The ‘Burning’ Truth about Sunscreen
There has been a lot of controversy in the past year about whether sunscreen is effective against skin cancer or not. It was even brought up that sunscreen potentially caused skin cancer. In 2012, the FDA implemented new guidelines for sunscreens on the market and how they can be labeled to let people know what they are buying and how protected they really are.
Sunscreens with an SPF of 15 or higher are the only sunscreens that can lower the risk of damage that causes aging and skin cancer. Sunscreens with SPF values less than 15 are only protective against sunburns. The FDA also suggested that sunscreen makers remove all products with SPF values higher than 50 because there is no proof that it works better than lower SPFs. People also tend to apply higher SPF sunscreens only once during the day, which makes that person more at risk for developing skin damage than those that reapply lower SPFs.
There are two types of harmful UV rays given off by the sun. UVA rays cause skin aging, while UVB rays cause sunburns. Sunscreens usually protect against UVB rays, but not UVA rays. Both are harmful and sunscreens should protect against both of them equally. Sunscreens that are labeled “broad spectrum” protect against both types of harmful sun rays. If a sunscreen is not labeled as a broad spectrum sunscreen, it means that it only protects against UVB rays.
Sunscreens often have words like “waterproof” or “sweatproof” on the label. These words are no longer acceptable. “Water resistant” is the only acceptable word on the label and the bottle must say how long an individual is protected while swimming or sweating. So far, 40 minutes or 80 minutes are the only two acceptable times to be on the label before reapplication is needed.
Sunscreens that include Vitamin A should also be avoided. Even though Vitamin A is good for us, it is not good when included in a sunscreen. There has been data that shows that applying Vitamin A to the skin and being in contact with the sun can increase your risk of developing tumors.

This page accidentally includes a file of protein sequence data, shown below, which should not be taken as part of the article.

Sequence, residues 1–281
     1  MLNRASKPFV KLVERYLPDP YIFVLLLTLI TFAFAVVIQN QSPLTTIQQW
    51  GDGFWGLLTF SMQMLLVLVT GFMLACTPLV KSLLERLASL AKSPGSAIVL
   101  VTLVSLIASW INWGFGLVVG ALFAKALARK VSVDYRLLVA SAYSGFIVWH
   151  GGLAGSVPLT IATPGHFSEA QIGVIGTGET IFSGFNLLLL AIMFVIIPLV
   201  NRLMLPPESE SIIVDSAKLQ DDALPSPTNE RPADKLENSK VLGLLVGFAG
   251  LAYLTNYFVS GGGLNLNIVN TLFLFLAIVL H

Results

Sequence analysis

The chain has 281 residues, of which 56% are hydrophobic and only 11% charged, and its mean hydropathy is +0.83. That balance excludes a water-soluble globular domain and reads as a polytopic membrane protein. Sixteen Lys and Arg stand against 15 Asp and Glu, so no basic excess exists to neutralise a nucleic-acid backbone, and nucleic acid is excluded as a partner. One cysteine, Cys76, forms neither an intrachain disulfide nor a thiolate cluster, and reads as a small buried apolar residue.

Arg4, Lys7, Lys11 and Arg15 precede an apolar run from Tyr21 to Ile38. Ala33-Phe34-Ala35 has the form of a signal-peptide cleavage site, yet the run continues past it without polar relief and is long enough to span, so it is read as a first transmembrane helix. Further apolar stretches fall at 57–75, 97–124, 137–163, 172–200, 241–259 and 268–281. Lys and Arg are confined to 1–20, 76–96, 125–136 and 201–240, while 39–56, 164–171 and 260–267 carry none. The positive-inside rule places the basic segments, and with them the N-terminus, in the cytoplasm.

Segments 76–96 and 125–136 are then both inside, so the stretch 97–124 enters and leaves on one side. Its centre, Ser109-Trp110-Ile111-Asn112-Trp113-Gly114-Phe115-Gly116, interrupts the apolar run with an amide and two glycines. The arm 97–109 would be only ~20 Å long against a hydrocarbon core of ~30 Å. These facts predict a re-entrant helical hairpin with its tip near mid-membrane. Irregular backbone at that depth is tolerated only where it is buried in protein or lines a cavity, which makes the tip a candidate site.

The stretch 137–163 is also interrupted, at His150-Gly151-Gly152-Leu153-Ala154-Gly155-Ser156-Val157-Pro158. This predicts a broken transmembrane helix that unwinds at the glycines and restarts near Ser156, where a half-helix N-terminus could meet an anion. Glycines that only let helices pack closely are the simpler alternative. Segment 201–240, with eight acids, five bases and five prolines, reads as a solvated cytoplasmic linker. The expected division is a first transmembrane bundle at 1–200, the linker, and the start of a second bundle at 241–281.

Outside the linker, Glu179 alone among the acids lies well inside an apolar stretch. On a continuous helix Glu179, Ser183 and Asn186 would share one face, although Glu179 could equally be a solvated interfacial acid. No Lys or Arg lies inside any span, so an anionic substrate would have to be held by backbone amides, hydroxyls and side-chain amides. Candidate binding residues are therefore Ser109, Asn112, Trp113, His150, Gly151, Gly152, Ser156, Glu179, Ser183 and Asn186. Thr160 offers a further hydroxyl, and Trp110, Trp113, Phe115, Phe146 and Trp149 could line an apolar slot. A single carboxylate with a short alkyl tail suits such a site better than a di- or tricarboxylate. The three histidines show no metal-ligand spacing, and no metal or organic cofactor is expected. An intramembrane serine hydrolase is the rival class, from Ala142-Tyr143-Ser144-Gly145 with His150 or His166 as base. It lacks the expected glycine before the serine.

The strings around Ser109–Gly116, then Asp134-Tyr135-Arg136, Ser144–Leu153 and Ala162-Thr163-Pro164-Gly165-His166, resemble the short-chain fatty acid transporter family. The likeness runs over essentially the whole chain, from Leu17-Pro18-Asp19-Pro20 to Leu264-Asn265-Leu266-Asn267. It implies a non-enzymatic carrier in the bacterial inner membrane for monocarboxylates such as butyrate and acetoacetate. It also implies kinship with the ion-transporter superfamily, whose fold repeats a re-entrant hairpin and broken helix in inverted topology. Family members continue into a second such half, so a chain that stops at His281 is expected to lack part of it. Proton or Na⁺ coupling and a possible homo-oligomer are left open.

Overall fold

Avoid sunscreens that contain insect repellant. Insect repellant can be used before sunscreen if needed, but should not be included. Allow the insect repellant time to dry before applying sunscreen.
Although it has been brought up in the past year that sunscreen might actually cause cancer, it is more likely that the lack of reapplying sunscreen has lead to the rise in skin cancer. As long as consumers pay attention to the labels and follow the new FDA guidelines on sunscreens, these ideas that sunscreen causes cancer should go away. Sunscreen should not be the primary protection against skin cancer. To decrease the risk of cancer, limit sun exposure and wear protective clothing along with sunscreen when in the sun.
Excessive exposure to UV rays is the most common cause of melanoma. Melanoma is a type of skin cancer that can appear suddenly and progress rapidly. Roughly 73% of deaths from skin cancer are cause by melanoma.
It is treatable if detected early on, but it is usually fatal if spread to the internal organs. Melanoma is most common in people that were exposed to excessive sunlight in the first 10 to 18 years of life so that is why it is important to protect kids from the sun and use sunscreen when going out in the sun for extended periods.
Whitney Richman is an NDSU Pharmacy Student working with Amy Noeske, registered pharmacist at Mercy Hospital.
Your Health is coordinated by Mercy Hospital.